Sunday, March 29, 2009
Wat Intaram - King Taksin Shrine
When I was in Bangkok, I wanted to go to Wat Inn (one of Somdej Toh's temples), but the taxi driver took me to Wat Intaram in Thonburi instead. As I've never been there before, I just walked inside for a tour and discovered that this was the temple famous for its King Taksin Shrine.
The statue of King Taksin (1734-1782) sitting on a throne inside the Vihara. King Taksin is the great Chinese-Thai general who liberated Ayuttaya from the Burmese in the same year that they conquered and burned it down (in 1767). In the subsequent year (1768) he was crowned King in Thonburi. After driving the Burmese out of Thai soil, he set about to reunify the entire Thai Kingdom, finally achieving complete success in 1779. Even though he became mad and was disposed of in 1782, people still remember him for his immense contributions to the Kingdom until today.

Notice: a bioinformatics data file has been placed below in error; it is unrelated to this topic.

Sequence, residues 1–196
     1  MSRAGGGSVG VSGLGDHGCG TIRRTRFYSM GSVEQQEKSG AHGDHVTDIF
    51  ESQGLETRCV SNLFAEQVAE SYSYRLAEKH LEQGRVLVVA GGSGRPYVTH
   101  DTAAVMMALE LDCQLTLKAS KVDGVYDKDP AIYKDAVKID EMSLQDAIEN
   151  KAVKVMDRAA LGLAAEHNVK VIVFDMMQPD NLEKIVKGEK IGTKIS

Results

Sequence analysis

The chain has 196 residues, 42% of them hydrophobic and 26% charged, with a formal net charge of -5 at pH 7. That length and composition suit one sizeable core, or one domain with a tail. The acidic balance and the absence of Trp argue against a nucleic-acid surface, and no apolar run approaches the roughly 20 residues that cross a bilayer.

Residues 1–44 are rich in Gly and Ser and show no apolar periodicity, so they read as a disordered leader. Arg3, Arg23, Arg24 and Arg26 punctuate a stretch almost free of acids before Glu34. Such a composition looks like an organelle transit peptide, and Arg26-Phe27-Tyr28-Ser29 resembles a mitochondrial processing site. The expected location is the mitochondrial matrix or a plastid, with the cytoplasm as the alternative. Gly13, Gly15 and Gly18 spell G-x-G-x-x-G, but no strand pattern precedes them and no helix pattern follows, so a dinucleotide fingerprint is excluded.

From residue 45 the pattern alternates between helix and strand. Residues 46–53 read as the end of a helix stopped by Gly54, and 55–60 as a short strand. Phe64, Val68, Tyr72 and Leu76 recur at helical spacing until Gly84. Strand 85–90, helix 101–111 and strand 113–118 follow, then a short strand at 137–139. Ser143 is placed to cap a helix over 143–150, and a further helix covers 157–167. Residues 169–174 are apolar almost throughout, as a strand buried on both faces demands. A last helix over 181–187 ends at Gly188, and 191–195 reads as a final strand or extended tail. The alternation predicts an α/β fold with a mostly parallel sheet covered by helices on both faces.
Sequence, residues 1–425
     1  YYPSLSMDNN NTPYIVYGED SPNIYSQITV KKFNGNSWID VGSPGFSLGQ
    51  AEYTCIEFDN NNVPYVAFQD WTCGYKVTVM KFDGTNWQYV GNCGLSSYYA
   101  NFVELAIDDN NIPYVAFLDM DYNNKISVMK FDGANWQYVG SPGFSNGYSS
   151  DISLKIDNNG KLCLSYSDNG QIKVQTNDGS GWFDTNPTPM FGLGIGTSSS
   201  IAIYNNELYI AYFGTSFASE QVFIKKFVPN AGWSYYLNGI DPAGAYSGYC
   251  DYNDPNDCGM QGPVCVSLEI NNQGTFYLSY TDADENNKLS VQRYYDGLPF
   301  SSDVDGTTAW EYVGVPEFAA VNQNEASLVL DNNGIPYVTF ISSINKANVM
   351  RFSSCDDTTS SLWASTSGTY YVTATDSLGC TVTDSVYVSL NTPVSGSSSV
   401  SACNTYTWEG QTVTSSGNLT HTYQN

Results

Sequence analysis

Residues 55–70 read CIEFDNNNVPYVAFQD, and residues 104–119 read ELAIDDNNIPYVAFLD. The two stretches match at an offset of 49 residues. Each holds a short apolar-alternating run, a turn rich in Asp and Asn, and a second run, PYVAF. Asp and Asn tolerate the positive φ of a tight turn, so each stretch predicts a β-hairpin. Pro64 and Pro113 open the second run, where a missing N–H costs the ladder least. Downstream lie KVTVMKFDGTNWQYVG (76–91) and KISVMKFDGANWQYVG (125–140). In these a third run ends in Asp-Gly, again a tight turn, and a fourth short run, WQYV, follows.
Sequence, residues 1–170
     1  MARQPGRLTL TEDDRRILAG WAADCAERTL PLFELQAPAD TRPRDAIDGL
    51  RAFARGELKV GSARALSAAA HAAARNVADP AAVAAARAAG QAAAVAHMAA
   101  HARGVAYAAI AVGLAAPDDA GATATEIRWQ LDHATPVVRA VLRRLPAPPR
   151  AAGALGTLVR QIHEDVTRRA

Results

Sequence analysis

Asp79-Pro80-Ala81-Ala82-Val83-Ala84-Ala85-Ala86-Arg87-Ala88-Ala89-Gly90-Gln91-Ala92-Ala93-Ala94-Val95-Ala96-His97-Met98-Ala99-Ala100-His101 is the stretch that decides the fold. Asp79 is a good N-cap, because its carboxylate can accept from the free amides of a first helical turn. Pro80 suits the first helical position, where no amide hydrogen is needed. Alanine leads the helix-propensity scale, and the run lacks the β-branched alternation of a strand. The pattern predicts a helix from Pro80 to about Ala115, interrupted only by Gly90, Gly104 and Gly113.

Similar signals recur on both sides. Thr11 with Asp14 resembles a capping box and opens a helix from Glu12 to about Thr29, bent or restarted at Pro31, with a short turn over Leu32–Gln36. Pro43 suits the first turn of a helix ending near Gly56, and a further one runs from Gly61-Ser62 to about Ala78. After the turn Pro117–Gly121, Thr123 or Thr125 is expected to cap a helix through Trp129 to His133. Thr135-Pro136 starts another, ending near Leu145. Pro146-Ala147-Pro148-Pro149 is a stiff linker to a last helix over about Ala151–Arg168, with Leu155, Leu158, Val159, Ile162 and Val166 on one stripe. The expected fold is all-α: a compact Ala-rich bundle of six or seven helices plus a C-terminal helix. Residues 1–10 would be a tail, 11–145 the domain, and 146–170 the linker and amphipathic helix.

Another statue of a young King Taksin (whose Chinese name was Zheng Xin) sitting in meditation. I believe that even though I've came here by mistake, there's some inexplicable karmic link with my paying homage to Ajarn Thammachot and the Bang Rajan heroes a day ago. I then remembered the battlefield nimitta I experienced while meditating in Wat Ampawan. Incidentally, LP Jarun also mentioned about King Taksin in his writings on "the advantages of chanting Buddhaguna". I then came to the realization that everything was connected in a wonderful way.
Outside the entrance of the Shrine. School students were on excursion there, learning about the history of their country.
In the courtyard was this large statue of King Taksin riding a horse, pasted with gold foil.
There were a large number of golden Buddha Images inside the Ubosot.
A tree shrine to the 8 great Arahants in another part of the courtyard.
The Chedi of Wat Intaram.